View this email in your browser
thrive center logo
Tweet Tweet
Share Share
Forward Forward
painting of disruption
Staying Grounded, Connected, and Directed through Disruption

I don’t know about you, but sometimes I feel like I am living in a big experiment. “Ok, King. You talk about thriving—adapting and growing towards purpose. Let’s see how you adjust and keep aligned toward your telos now!” I confess that at times I feel more agitated than activated, more moody than motivated. As balanced, emotionally agile, and focused I try to be, this long disruption is hard. Every week there are new updates and expectations to adjust to. So even when disruption is the new normal, eruption feels imminent (and that’s not just because my 6th grader is studying volcanoes down the hall).

Given the radically increased amount of stress and strain on our lives, we are having to scramble to not only adapt to our physical environments, but also to our financial, relational, emotional, medical, and psychological pressures. Our world seems drenched with challenge. Disruption. Loss. Grief. Insecurity. Uncertainty.

Research has demonstrated that one of the most effective ways that people cope with stress is through their faith or sense of spirituality. The last two decades have yielded an incredible amount of research on how people draw on spirituality and faith to orient their lives. Much of the Thrive Center’s efforts have focused on this research. In the last month, we have developed a series of blogs that excavate some of the helpful resources within spirituality to assist in your journey through these times.

Specifically, with this newsletter, I have written how spirituality can help us stay grounded, connected, and directed through disruption [READ HERE]. In addition, our team shares their expertise and practical tips on mindfulness, grief, and awe.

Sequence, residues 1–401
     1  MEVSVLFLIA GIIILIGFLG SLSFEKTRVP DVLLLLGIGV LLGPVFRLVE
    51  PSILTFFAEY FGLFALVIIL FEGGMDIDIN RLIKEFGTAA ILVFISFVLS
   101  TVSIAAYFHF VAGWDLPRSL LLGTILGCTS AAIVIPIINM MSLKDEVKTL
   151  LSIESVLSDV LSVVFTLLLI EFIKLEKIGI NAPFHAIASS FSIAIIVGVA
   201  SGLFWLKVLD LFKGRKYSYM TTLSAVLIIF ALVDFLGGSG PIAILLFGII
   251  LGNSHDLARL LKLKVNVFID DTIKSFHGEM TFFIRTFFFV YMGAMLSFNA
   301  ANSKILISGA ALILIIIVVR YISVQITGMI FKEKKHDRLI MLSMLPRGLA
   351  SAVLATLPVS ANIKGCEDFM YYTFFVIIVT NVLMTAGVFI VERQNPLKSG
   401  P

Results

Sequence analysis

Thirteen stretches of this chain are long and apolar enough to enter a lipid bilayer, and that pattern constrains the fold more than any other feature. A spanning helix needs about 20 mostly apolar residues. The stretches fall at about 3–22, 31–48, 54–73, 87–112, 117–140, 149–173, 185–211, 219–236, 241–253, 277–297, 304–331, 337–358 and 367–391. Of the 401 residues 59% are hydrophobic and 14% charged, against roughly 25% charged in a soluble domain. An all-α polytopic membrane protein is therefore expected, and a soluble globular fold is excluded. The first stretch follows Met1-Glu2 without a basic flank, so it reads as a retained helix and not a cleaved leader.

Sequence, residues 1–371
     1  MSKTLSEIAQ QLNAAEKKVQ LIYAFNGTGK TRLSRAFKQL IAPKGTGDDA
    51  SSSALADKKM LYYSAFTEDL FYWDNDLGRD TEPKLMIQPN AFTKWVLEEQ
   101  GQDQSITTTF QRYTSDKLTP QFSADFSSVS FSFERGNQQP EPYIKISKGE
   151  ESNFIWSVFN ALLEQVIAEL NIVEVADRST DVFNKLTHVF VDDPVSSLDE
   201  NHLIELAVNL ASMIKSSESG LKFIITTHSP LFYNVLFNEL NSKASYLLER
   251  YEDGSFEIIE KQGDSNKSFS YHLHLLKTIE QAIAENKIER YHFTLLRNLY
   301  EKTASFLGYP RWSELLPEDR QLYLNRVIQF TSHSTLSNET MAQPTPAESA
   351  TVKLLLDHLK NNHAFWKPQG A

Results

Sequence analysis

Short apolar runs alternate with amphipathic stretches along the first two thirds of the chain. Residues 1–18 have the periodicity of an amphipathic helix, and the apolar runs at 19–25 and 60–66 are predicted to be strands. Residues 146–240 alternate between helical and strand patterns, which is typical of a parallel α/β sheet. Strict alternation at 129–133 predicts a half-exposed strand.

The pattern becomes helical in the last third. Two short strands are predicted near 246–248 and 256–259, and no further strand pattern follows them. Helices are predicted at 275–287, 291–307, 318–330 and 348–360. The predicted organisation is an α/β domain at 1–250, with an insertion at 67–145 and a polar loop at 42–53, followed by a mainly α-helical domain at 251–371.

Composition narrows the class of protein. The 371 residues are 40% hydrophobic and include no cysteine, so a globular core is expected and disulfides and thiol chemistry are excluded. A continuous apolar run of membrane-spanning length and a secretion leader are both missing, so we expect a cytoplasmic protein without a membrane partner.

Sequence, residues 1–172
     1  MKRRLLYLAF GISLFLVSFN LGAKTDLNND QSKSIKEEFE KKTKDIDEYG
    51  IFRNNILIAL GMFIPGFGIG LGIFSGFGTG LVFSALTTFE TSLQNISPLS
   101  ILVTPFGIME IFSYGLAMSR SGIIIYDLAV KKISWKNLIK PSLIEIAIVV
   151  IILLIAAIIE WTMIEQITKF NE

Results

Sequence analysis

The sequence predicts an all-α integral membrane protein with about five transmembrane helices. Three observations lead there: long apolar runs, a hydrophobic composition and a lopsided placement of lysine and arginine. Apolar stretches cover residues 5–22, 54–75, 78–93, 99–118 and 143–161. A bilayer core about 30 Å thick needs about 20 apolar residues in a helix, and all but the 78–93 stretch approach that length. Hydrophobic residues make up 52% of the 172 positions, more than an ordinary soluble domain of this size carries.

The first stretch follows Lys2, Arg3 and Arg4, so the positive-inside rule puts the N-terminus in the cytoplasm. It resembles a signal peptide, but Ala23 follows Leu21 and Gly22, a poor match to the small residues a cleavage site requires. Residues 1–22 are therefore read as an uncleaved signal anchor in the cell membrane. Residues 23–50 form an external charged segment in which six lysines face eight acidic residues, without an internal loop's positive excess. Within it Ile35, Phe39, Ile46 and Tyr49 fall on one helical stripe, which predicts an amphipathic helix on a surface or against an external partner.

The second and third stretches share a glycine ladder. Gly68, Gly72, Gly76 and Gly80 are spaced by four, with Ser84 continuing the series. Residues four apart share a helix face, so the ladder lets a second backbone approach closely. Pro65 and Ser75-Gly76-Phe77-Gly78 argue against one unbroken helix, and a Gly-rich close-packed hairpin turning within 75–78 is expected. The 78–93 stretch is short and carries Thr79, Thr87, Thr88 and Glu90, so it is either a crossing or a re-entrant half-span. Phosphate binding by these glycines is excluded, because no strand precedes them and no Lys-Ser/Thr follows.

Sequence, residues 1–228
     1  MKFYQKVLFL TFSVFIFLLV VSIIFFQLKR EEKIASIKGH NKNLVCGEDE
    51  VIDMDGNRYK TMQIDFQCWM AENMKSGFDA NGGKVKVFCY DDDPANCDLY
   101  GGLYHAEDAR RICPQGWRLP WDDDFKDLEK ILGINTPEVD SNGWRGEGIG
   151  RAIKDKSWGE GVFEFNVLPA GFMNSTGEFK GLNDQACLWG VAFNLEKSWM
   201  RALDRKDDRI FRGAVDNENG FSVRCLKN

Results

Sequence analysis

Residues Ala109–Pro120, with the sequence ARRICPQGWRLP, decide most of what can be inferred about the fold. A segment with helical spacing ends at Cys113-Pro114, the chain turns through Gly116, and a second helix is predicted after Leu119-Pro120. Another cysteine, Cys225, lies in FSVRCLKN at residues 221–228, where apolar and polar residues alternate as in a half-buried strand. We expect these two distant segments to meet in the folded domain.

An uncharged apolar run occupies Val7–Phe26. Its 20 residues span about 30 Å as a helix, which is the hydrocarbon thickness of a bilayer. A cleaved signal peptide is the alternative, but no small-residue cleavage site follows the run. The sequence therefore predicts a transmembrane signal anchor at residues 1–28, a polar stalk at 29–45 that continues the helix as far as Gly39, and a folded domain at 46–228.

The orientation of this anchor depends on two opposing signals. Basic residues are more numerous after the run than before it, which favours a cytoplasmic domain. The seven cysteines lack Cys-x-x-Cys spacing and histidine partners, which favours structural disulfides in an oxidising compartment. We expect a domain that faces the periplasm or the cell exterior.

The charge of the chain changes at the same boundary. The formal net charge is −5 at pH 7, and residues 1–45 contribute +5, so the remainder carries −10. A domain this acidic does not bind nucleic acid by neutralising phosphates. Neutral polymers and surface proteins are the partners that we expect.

Stay in place, give grace, keep a reasonable pace, and thrive on,

Dr. Pam King

Mindfulness walk in beach
Grief and Mindfulness: Checking In with Your Body
Dr. Joey Fung, Associate Professor at Fuller's School of Psychology, invites us to check in with our bodies through 5 mindfulness practices to manage grief.

Father and son on a journey
On the Road to Healing: Meaning-Making and Beliefs
Thrive Postdoctoral Research Associate, Dr. Stephanie Trudeau discusses how meaning-making and beliefs can soften suffering and guide us toward healing.

Youth in awe of sunset
Finding Awe in Uncertain Times
Thrive Research Associate, Dr. Susan Mangan explains why awe can help us thrive in times of grief and loss, providing 3 at-home activities to help us experience awe.

familia caminando juntos
Hemos traducido algunos de nuestros recursos en español para ayudarle a mantenerse fuerte espiritualmente, emocionalmente, y creativamente durante esta pandemia.


Support Our Mission

The Thrive Center for Human Development is on a mission to inspire, educate, and equip those who care for the world’s youth. Support our mission and make a difference by putting research findings into practice!

*When giving a gift to The Thrive Center, please select Other in the Gift Donation field and type The Thrive Center in the I would like to my gift to support field.
Copyright © 2020
The Thrive Center for Human Development

Mailing Address:
180 N. Oakland Ave.
Pasadena, CA 91101

This email was sent to <<Email Address>>
why did I get this?    unsubscribe from this list    update subscription preferences
The Thrive Center for Human Development · 180 N. Oakland Ave. · Pasadena, CA 91101-1714 · USA